With his 32nd birthday being celebrated only six days ago, Hapoel Ashkelon’s Messay Dego is the youngest coach in Israeli soccer’s Premier League.
He also holds another distinction, one that in a perfect world would go unnoticed. In our flawed reality though, it would be naïve to ignore the fact that Dego became the first Ethiopian-Israeli coach to guide a team in the top flight this past Sunday.
Not only is that an overdue and noteworthy accomplishment, but also one that has the potential of making a real impact on people’s lives.
Dego is a pioneer and, despite only being at the beginning of his coaching journey, is already an inspiration to so many who share his heritage and skin color, and have had to overcome similar stereotypes.
It wasn’t that long ago that Dego was pulling 10-hour shifts as a cleaning inspector for the Bat Yam Municipality to allow himself to work as a coach at Hapoel Tel Aviv’s youth department later in the day.
Dego, who was born in Ethiopia’s capital of Addis Ababa and moved to Israel with his family in 1990, would get up at the crack of dawn to ensure the city’s schools were clean ahead of the arrival of the pupils. He worked at the job for two years, with his playing career coming to an end at the age of 27 due to injuries.
But while his route to becoming a head coach in the top flight was far from ideal, he never wavered.
During his long hours in the deserted streets of Bat Yam, rather than counting the minutes until the end of his shift, Dego would watch training sessions by current Manchester City coach Pep Guardiola on his phone and take notes, determined to learn from the best.
Dego was hoping to follow in the footsteps of his big brother, Baruch, who starred for Maccabi Tel Aviv at the turn of the century and to this day is widely regarded as the best Ethiopian-Israeli player ever.
The senior Dego paved the way for many others, but his younger brother’s stint as a player never took off. Messay spent much of it in the second and third divisions and an ankle injury ultimately forced his early retirement in 2013.
He was desperate to remain involved in the sport and was handed a role at the Hapoel youth department after his good friend Gili Vermouth, the former Hapoel star who currently plays for Hapoel Haifa, pulled some strings.
Dego finally turned his full focus to coaching in November 2016, with then Hapoel Kfar Saba coach Sharon Mimer offering him a job as his assistant.
Mimer was sacked two months later, but Dego continued at the dysfunctional club, which was relegated to the National League at the end of the season. With then owner Stav Shacham only interested in cutting costs before eventually offloading the club, he offered Dego the head coach’s position in the summer of 2017.
That came only after Messay had already visited the Employment Service Bureau and applied for unemployment benefits, with the uncertainty surrounding Kfar Saba leaving the coach out of work.
With a measly budget of NIS 1.5 million, he began to assemble a squad, and no one, even Dego himself, could foresee what would happen next. Kfar Saba picked up 25 of a possible 27 points from its first nine National League matches, winning eight games and drawing one.
That included four matches in which Dego’s free-flowing side netted four goals, storming to the summit of the second division standings in style. Kfar Saba fell back down to earth with three consecutive defeats, but new club owner Itzhak Shum’s decision to sack Dego last month was still received with complete dismay, and a fair amount of outrage, in the local soccer community.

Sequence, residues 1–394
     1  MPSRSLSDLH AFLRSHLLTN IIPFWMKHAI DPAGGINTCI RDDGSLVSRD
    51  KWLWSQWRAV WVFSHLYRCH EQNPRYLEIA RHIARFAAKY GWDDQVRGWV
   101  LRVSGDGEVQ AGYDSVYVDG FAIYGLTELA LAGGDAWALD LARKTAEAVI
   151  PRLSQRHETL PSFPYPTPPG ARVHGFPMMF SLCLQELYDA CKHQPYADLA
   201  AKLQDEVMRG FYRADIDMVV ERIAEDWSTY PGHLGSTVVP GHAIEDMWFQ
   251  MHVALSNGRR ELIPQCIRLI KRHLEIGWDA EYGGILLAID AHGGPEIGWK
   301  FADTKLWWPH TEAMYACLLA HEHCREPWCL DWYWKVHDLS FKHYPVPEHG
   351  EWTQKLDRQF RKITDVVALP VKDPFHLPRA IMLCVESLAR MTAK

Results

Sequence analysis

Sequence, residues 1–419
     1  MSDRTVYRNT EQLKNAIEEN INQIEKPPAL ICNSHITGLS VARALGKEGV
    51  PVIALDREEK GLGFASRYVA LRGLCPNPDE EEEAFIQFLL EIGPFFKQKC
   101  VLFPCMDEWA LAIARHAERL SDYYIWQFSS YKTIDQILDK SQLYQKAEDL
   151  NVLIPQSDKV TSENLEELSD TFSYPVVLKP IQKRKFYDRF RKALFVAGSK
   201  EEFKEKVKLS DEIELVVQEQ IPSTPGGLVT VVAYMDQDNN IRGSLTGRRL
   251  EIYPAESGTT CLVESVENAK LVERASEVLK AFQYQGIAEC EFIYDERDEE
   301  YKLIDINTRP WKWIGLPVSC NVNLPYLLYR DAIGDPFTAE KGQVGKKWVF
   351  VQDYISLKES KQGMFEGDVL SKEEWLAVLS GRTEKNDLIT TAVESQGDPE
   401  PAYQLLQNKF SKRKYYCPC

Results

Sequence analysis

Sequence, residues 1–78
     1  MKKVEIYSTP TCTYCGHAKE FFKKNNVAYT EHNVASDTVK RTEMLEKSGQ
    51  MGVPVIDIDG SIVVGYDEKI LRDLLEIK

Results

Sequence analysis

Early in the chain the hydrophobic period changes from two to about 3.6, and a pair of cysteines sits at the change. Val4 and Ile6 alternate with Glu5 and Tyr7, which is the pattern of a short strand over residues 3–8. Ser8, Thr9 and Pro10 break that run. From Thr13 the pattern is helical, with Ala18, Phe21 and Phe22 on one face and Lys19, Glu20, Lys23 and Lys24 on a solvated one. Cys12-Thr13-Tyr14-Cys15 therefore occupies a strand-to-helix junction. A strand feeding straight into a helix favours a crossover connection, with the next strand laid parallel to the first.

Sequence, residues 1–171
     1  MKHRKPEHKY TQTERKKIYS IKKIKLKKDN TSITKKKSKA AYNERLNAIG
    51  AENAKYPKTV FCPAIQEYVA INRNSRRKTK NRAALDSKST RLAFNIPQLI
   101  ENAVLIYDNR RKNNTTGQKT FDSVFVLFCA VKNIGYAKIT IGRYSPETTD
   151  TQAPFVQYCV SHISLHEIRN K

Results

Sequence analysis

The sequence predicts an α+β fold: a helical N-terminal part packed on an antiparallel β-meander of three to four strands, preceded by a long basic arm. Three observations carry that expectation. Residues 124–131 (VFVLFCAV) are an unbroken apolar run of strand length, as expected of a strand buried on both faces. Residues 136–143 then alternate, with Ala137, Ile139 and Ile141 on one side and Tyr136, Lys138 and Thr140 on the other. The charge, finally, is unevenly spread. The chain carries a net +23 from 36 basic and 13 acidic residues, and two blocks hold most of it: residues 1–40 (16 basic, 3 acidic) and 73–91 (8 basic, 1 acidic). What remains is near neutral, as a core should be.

After defeating Beitar Kfar Saba of the third division 3-1 to advance to the State Cup quarterfinals, and with the team still in second place in the table, which will lead to promotion at the end of the season, Shum made a controversial decision he may well long regret.
He met with Dego shortly after the match and told him he was fired.
Dego claimed that the main reason behind his sacking was his reluctance to play Shum’s grandson, Tom Shelach, something Shum vehemently denied.
“No player is above the team and no coach is above the owner,” was how Shum explained his decision. “He was sacked because he wasn’t loyal enough, not to me as an owner and not to the club.”
Dego did his best to avoid the blame game, with Kfar Saba’s results since his departure doing all the talking on his behalf. Kfar Saba has played four league matches since he was fired and has picked up just two points, falling to fourth place.
Dego wasn’t out of work for long, with Ashkelon calling last week following the resignation of coach Yuval Naim. Dego’s debut didn’t go as he had hoped, with Ashkelon losing 1-0 at Ironi Kiryat Shmona on Sunday, suffering a sixth straight defeat. Ashkelon has won only one of its past 18 matches and is four points back of Ashdod SC and safety.
“We aren’t going to give up,” said Dego, with Ashkelon having three more regular season games before playing seven more matches in the relegation playoffs to determine the battle against demotion.
“Life is difficult in the Premier League, but it was also tough with Kfar Saba in the National League. If I didn’t believe in this team I wouldn’t have come.”
With rock-bottom Acre already looking doomed, sitting eight points from safety, the battle against the second relegation spot seems set to be fought out between three or four teams, with Ashkelon currently looking like the clear favorite to join Acre in the National League next season.
After breaking through so many glass ceilings to reach this stage, Dego is certainly not deterred by the challenge.
Saving Ashkelon from demotion may prove to be beyond him. But in his short time as a head coach, Dego has already staked his claim as one of the most promising sideline leaders in Israeli soccer, regardless of color or background.
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